So that time of year is fast approaching, when many a New Year’s Resolution is made to very shortly be broken. Why is it that diets are so hard to stick to? Why do many of us give up at the first hurdle? And, why is it so hard to find the time to keep going to the gym?
Unfortunately, there is not a single answer to these questions, but in our experience a number of factors often contribute.
DIET – even saying the word can send shudders down people’s spines. There is always one diet or another making the news, whether it is the Atkins, Paleo, Juicing or Alkaline Diet. With all the weighing, measuring, this off limits, that off limits, it is often hard to keep up with what you can and can’t have and then once you “fall off the wagon” it can be hard to get back on. For us at Peak, we don’t believe in eliminating whole food groups from your diet (unless you have an allergy or intolerance). Instead, everything in moderation means you are less likely beat yourself up over having a treat or two. How often do you hear about someone losing a stone in a month just by juicing? And then, when they start eating “normally” again, the weight goes back on and more. Losing weight is the easy part, keeping it off long term is harder.
We believe firmly in the saying “food is fuel” and it is important to fuel your body with good, wholesome nutrients. That means clean eating – eating fresh fruit and vegetables, lean meats and fish. Giving your body the right fuel to ensure you are getting all the nutrients you need. That means having a good combination of fats, Omega 3, calcium, protein and carbohydrates (yes, they are not the enemy they are perceived to be and are important for energy, especially if you are an active person), as well as vitamins and minerals – all of this comes from eating good, clean and unprocessed food. Eating well and regularly will help you feel fuller for longer and be less likely to binge on sugary, processed foods. But, if you make eating well part of your long term lifestyle plans, rather than a short term goal, it will eventually become second nature – and if you want to have a treat, then why not!
GIVING UP – come January, the gyms will be full of people embarking on their new fitness regime. Often this will involve coming to the gym 6 days per week (and probably not consuming enough calories, as they will still be detoxing from the festive period!). When you start exercising for the first time, or if you have not exercised for a lengthy period of time, your body can be surprised by this. When we are working body parts that we have not worked before, they can often react with some tenderness to say the least (a case of the DOMS – Delayed Onset Muscle Soreness). Undoubtedly, having the DOMS is enough to put anyone of going back to gym and doing it again (unless of course you get off on having the DOMS – a sign of a good workout some might say!).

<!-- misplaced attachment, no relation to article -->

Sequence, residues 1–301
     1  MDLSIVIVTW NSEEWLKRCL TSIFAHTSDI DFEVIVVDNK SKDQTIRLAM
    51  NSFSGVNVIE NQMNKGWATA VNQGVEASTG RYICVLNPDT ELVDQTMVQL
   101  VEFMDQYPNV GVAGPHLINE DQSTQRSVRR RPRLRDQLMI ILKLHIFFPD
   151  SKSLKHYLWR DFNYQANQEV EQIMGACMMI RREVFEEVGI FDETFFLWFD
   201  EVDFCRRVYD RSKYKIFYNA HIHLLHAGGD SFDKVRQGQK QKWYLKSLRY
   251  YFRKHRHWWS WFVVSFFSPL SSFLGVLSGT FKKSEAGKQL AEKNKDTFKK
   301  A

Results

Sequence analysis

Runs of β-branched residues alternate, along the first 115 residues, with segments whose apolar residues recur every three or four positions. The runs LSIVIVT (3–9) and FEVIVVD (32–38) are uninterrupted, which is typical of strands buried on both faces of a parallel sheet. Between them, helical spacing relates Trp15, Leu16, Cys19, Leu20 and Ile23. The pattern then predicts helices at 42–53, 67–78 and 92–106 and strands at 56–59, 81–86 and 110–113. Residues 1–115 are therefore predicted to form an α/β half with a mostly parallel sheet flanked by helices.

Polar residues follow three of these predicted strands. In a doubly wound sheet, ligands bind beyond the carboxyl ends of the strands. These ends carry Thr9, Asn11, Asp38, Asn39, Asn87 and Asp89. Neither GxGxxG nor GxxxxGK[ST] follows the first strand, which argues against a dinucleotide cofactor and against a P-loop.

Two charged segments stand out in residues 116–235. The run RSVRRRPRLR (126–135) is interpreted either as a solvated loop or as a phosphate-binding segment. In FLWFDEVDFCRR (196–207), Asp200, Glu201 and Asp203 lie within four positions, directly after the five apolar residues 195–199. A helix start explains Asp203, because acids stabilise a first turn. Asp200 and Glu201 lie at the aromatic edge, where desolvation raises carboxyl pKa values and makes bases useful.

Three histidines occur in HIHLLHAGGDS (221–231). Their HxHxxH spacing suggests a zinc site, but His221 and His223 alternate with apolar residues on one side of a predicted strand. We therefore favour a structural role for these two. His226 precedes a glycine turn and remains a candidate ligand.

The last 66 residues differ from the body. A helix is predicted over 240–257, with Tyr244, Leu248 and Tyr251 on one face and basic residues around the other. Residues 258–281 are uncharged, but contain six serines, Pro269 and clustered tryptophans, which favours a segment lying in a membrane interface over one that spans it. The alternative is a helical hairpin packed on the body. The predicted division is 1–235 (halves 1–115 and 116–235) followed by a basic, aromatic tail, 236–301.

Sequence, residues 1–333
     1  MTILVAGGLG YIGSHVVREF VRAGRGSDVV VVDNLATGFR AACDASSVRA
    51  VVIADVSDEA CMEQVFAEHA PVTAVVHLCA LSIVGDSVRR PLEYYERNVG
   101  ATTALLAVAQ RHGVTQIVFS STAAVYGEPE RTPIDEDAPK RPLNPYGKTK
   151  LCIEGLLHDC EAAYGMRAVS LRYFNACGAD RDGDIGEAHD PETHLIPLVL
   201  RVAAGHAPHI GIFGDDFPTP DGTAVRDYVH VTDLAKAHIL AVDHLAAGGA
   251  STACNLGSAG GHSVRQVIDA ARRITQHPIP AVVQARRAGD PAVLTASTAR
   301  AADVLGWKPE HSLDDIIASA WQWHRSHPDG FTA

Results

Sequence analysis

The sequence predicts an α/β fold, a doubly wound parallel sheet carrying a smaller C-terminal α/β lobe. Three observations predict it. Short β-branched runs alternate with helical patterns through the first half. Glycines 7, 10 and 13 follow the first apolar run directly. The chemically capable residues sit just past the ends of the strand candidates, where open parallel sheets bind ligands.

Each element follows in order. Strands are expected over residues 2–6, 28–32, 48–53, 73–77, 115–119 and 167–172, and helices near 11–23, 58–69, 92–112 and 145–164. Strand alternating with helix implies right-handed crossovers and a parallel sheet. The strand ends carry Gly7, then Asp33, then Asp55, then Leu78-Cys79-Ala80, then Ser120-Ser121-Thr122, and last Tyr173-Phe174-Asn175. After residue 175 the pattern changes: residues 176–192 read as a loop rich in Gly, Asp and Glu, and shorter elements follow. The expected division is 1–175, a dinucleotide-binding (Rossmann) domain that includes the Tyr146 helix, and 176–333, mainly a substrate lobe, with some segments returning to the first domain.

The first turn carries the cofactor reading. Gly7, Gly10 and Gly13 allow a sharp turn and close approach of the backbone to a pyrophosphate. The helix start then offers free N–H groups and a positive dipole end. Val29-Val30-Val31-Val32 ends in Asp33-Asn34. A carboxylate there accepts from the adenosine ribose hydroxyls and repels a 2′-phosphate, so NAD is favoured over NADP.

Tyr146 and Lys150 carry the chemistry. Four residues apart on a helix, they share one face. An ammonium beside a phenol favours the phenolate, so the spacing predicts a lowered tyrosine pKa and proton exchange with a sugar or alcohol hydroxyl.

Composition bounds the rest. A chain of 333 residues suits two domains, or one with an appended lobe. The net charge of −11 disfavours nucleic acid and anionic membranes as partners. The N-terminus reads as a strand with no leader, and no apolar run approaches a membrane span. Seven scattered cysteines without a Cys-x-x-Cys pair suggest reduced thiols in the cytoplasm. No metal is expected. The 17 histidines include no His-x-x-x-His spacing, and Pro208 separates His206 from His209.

More than that though, people often give up by the end of January because unless you are a professional athlete, or avid gym goer, 6 days per week is simply not sustainable. Work and family commitments mean that going to the gym eventually moves further down your list of priorities. But, it doesn’t have to be like that. Having a realistic and attainable goal in mind means that you are more likely to achieve it, compared with going all guns blazing from the off. We would suggest if you intend to make fitness part of your lifestyle in the New Year, or have a goal you want to work towards, that you start off with 2-3 days per week. That way, if you can go to the gym 4 times each week it’s a bonus and if not, don’t beat yourself up over it – any exercise is better than none. Also, it is important that your body has rest days in between workouts.
We look forward to welcoming you into our Peak Family in the New Year and hope that by making sensible and sustainable diet and exercise choices, you can make fitness part of your lifestyle in the long term and not just a passing phase. We love nothing better than to encourage those who are part of the Peak Family and support them to reach their goals.